7. wlewisiii

    wlewisiii Mu-43 Veteran

    Dec 16, 2011
    Hayward, WI
    William B. Lewis
    Well, LF lenses are a bit of a different critter. You'd have to manufacture your own adaptor from probably cardboard or balsa wood, it'd be fairly long (my wide angle on 4x5 is a 5" lens ;)  many of the rest get to be far longer in focal length) and then you'd still be getting only the center of the lens. Next, you'd either have to set a fixed focus - presumably infinity - or figure out how to make the lens move back and forth. I doubt there is anyone who has made a bellows for :43: Thinking a bit about it, you might be able to use a macro bellows for something like Canon FD and an adaptor to get a focusing mechanism. The last bit is that every lens is going to be unique so you'd have to create adaptors for each of them.

    Can it be done? Of course, but it'll be a handful to accomplish is all. Personally, I'll keep using my LF glass with sheet film :D 
  8. kinlau

    kinlau Mu-43 Top Veteran

    Feb 29, 2012
    Many large format lens are older, uncoated and designed to cover a much larger image circle, meaning they are way bigger than any 35mm lens. I have a 360/5.6 for my speed graphics that weigh more than my 300/4. You'll find contrast, chromatic aberrations to be an issue.

    In short, it's doable, but more trouble than its worth.
  9. songs2001

    songs2001 Mu-43 Top Veteran

    Jul 8, 2011
    All of the above can be solved with a couple of cans of Pringles, flat black paint and duct tape.

    1. Buy Pringles
    2. Eat Pringles
    3. Spray paint inside of Pringles
    4. Cut Pringles tubes into different sizes.
    5. Find the hyper focal point of the different Pringles tubes
    6. See subject you want to photograph.
    7. Take out applicable Pringle tube, I suggest different flavors for different subjects.
    8. Duct tape lens to Pringles to camera
    9. Take picture.
  10. Wow! A little more complex than I realized. I think I will hold off on that and stick with getting used to some that are a little easier to start off with.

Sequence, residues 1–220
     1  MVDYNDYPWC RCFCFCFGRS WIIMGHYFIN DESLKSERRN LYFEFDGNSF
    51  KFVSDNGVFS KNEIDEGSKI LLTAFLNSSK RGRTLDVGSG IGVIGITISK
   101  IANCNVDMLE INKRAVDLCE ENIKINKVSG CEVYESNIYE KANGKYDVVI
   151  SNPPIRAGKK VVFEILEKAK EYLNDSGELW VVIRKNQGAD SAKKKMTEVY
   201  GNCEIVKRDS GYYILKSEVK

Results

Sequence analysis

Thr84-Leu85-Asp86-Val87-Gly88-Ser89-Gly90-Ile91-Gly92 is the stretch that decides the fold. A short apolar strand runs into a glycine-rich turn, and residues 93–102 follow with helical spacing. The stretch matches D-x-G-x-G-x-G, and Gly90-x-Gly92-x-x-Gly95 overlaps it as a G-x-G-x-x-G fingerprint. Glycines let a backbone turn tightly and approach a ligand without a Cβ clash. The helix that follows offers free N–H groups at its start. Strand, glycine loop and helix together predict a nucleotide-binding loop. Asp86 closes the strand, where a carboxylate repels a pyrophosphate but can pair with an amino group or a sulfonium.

Thank you all for the input and preventing a what seems to be what would have been a very large headache. lol
  11. fredlong

    fredlong Just this guy...

    Apr 18, 2011
    Massachusetts USA
    An old adapted bellows with a T-mount adapter and a hacked lens board is easier.

  12. Pringles!?! :2thumbs: Well, no one said anything about pringles before! at least I wouldn't go hungry while spending the $$ on this project when I try it! :rofl:
  13. Pringles!?! :biggrin: Well, no one said anything about pringles before! at least I wouldn't go hungry while spending the $$ on this project when I try it! :rofl:
  14. Lawrence A.

    Lawrence A. Mu-43 All-Pro

    Mar 14, 2012
    New Mexico
    Not worth it, in my humble opinion. I shot a lot of large format, and loved a couple of Scheider lenses for my 4x5, but the bother of adapting them to m4/3 wouldn't be justified by the results. They're designed to throw a huge image circle to the film -- the bigger the better if you are wanting to use full camera adjustments on a -- 4x5 say (I cannot imagine you trying to fit an 8x10 lens onto an E-P3.) There are lots of reasons not to try this, all mentioned by other posts; I cannot think of a single reason for going forward unless it is for bragging rights to say you'd done it.
  15. GaryAyala

    GaryAyala Mu-43 Legend

    Jan 2, 2011
    I guess you don't like Pringles ...